Mon, Jul 18, 2016 - Page 3 News List

CAA snubs suggestion to promote Itu Aba tourism

Staff writer, with CNA

Following calls to promote tourism on Itu Aba Island (Taiping Island, 太平島) in the wake of a controversial arbitration ruling on the South China Sea, the Civil Aeronautics Administration (CAA) yesterday said the idea offered little economic benefit.

Citing the results of previous assessments, the CAA said the Taiwan-controlled island, located 1,600km south of Kaohsiung, must have an airport capable of accommodating mid-sized single-aisle passenger planes such as B737-800s, A320s, A321s or MD82s.

The runway on Taiping Island is only 1,200m long, meaning only smaller 19-seat Fairchild-Dornier 328s or 72-seat ATR72s can land there, but the 1,600km distance is beyond the flight ranges of those aircraft, the CAA said.

Even if the runway was extended to allow larger airplanes to land, the island lacks a fuel delivery system to refuel aircraft for their return flights to Taiwan, it added.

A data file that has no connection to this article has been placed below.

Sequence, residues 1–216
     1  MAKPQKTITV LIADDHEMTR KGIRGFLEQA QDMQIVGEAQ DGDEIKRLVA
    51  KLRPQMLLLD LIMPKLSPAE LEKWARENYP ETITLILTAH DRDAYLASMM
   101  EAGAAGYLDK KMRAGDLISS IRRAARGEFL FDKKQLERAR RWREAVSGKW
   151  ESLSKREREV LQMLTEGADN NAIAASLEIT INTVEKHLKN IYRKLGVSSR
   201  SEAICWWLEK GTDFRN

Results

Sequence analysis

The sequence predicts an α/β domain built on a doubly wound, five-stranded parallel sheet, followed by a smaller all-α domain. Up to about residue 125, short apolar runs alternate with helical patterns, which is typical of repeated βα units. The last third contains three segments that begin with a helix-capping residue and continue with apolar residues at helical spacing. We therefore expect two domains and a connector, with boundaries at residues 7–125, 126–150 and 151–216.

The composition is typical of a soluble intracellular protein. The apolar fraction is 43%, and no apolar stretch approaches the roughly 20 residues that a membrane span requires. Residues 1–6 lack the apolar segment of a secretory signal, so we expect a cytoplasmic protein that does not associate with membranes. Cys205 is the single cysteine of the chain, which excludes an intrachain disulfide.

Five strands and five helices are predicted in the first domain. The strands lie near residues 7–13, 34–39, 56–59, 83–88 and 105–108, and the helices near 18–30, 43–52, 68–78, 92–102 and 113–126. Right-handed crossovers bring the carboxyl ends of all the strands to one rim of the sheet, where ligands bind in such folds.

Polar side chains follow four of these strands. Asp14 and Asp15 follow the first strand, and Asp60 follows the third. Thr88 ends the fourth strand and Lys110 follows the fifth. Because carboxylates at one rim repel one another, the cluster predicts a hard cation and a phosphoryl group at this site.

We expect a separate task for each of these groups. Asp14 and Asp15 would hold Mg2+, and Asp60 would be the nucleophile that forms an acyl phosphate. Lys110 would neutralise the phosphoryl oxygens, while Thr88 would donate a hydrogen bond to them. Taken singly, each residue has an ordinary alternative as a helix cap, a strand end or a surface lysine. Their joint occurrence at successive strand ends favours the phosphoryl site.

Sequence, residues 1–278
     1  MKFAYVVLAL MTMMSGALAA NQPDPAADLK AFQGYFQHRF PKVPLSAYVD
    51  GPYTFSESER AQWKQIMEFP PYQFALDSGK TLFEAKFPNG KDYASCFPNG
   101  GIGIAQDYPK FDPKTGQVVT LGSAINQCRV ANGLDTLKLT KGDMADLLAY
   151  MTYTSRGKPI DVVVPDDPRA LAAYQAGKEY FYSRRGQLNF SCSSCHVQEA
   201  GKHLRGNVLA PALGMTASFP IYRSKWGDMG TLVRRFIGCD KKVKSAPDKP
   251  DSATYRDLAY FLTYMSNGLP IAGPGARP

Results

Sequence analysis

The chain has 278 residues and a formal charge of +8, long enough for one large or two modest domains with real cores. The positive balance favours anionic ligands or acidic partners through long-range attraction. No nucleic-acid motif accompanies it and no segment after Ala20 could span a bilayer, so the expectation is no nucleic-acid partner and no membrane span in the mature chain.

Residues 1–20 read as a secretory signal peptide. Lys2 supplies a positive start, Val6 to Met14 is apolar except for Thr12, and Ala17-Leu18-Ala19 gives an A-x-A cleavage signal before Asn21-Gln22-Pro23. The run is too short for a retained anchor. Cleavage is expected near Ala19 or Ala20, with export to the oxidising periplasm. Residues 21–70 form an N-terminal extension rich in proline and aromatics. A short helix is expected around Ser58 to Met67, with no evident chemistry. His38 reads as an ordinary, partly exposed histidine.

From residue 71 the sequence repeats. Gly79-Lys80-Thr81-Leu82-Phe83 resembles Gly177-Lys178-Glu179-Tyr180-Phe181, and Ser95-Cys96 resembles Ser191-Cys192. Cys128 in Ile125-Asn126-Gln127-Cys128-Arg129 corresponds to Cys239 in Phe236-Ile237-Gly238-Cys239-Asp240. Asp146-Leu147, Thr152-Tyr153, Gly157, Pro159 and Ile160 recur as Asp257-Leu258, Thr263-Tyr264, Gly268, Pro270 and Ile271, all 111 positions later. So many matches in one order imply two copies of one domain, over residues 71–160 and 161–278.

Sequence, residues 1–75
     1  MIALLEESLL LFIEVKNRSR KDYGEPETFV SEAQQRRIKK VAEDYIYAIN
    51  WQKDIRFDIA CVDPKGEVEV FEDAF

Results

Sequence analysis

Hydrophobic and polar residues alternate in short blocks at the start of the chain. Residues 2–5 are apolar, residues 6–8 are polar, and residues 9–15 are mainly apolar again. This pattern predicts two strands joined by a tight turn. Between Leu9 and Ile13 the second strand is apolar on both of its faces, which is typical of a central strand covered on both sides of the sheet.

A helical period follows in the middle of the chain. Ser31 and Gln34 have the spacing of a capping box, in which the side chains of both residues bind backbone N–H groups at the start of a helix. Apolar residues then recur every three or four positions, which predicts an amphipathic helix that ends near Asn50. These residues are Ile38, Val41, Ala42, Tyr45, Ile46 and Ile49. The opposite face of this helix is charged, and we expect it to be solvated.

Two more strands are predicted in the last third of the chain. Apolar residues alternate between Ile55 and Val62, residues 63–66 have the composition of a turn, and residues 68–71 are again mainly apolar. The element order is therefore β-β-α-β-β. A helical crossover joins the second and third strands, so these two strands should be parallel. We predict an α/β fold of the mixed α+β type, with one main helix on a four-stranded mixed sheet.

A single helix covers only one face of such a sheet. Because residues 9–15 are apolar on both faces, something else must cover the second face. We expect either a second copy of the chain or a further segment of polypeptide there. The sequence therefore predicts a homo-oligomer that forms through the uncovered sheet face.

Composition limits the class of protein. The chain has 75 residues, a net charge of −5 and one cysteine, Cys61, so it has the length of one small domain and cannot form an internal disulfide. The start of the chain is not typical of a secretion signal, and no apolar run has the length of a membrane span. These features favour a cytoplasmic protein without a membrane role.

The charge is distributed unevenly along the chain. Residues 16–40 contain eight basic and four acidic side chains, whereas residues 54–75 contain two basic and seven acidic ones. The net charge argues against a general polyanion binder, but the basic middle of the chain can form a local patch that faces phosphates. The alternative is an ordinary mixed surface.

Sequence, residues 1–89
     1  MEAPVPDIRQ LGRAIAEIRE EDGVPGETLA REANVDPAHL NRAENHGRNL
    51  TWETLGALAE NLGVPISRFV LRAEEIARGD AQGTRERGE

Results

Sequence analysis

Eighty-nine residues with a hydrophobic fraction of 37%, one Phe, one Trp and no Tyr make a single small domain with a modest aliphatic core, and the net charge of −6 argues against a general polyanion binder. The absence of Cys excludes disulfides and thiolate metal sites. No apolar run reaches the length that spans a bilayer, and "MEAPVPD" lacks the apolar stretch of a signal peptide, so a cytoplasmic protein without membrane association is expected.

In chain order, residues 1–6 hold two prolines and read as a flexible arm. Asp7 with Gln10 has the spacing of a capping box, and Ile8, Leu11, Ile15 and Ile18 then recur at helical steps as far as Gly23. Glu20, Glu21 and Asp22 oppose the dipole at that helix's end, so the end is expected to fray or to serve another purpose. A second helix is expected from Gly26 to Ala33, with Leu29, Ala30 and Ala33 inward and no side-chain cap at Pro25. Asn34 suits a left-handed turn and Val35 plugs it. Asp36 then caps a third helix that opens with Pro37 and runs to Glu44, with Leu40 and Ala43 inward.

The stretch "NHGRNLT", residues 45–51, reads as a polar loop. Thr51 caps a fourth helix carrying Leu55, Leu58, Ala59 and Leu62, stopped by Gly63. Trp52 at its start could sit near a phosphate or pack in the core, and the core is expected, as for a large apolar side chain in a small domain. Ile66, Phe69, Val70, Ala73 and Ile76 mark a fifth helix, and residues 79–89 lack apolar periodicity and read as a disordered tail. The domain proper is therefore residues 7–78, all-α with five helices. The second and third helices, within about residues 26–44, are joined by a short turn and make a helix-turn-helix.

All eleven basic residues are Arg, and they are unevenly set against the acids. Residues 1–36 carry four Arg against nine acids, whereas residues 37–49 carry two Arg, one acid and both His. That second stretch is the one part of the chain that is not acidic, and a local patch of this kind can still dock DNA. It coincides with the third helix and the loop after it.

The CAA said that the only alternative would be for planes to carry less passengers to save fuel so that they can have enough fuel to fly back to Taiwan.

The CAA’s comments came after the Permanent Court of Arbitration in The Hague ruled on Tuesday last week that all high-tide features in the South China Sea, including Itu Aba, are “rocks” rather than islands.

The case was brought by the Philippines against China in 2013 over the latter’s claims in the South China Sea, and by calling Itu Aba a “rock,” the court invalidated claims of 200 nautical mile (370.4km) exclusive economic zones around any of the Spratly Islands (Nansha Islands, 南沙群島).

The ruling has caused an outcry in Taiwan and many people have urged the government to act boldly and swiftly to protect national territory and Taiwan’s interests in the region.

Some politicians have suggested developing eco-tourism on the island to prove that it can support economic life on its own, one of the criteria for defining an “island” under international law.

Minister of Foreign Affairs David Lee (李大維) said in a legislative hearing on Wednesday last week that the government could consider developing tourism on the island.

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